Changing the name of the riba to the Royal Institute of British Architecture has attractions. It would be a symbolic act, separating the idea of the organisation as learned society from the (false) notion that it is simply a 'trade union for architects'. It would fit in easily with the Royal Charter, which makes no reference to the advancement of architects, but is concerned with 'civil architecture'. It would also signify a new openness to creating members among non-architects, in the form of a subscriber class. The idea has powerful supporters from across the architectural spectrum, including past president Owen Luder and Gold Medallist Colin Stansfield Smith, as well as the current president, David Rock, who will put the idea to Council next week.
This is not a decision which should be taken lightly, nor should it be rushed. For one thing, the current title has served well for 160 years, and it is not self-evident that it acts as a brake or hindrance to the profession. Nor is it likely that changing one word in a title including four would make the riba more recognisable to the general public - that is a very long-term process, and is considerably less important than the general promotion of architecture itself. And for those with a general interest in architecture, there are countless non-professional bodies to join.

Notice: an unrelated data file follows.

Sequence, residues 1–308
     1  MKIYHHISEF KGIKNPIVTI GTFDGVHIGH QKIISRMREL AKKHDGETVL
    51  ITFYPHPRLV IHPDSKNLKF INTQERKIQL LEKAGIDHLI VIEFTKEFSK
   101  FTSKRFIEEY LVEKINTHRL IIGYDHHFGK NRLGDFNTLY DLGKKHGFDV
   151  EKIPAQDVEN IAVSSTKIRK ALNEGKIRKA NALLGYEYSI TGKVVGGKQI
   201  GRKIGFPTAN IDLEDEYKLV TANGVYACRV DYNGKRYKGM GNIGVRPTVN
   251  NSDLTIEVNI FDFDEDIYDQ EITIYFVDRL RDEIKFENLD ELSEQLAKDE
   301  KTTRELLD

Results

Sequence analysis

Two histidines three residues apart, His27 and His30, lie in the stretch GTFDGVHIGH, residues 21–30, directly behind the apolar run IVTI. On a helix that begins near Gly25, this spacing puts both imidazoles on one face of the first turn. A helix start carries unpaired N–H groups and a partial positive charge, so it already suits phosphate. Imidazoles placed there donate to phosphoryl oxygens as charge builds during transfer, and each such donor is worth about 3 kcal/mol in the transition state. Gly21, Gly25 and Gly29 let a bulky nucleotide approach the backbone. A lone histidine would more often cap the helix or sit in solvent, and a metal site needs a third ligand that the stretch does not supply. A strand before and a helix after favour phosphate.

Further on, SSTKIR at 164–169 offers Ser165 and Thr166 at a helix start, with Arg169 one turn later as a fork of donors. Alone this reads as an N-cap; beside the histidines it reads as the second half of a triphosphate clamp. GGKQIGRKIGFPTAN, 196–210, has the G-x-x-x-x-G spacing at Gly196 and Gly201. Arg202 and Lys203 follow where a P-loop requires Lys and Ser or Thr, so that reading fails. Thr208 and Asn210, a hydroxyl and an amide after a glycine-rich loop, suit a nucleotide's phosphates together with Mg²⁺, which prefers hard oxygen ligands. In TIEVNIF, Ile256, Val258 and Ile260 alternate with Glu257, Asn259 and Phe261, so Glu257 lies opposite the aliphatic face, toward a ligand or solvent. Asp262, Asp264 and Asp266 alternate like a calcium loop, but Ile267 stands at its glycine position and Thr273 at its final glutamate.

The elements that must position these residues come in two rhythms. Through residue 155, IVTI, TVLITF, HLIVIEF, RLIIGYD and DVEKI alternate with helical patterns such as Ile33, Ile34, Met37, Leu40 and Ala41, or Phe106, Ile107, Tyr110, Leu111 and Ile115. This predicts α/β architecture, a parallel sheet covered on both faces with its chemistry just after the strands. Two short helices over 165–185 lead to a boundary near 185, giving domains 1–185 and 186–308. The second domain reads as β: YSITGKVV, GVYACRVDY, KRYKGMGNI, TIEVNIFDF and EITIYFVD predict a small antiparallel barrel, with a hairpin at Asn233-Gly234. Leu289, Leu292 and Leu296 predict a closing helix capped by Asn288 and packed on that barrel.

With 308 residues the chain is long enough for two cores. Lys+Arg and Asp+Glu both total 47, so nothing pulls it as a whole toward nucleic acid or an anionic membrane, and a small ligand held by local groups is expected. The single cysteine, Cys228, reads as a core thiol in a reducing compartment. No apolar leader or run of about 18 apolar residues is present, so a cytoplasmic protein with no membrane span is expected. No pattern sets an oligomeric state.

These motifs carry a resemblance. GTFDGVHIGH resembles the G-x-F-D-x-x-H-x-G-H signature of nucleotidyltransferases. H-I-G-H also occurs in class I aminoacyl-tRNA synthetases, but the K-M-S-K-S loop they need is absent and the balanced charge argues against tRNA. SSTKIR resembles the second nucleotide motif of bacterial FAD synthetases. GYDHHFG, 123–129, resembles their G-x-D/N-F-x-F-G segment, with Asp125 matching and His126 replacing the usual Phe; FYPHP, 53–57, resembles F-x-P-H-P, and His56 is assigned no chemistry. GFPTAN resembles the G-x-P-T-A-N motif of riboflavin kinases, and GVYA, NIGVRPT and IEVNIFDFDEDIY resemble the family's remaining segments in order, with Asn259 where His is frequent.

There is one other reason for being cautious at this time, which is the unsettled relationship between the institute and the new registration body (probably inevitable while the latter finds its feet). Currently, the entitlement to become a full member of the riba requires the successful passing of the institute's examinations, a considerable achievement. If anyone at all can become a member of the institute, it implies that there would be no special status conferred on architects, or that their status would become confused. Until the air has cleared over the future of registration and the institute, the less uncertainty there is at Portland Place, the better.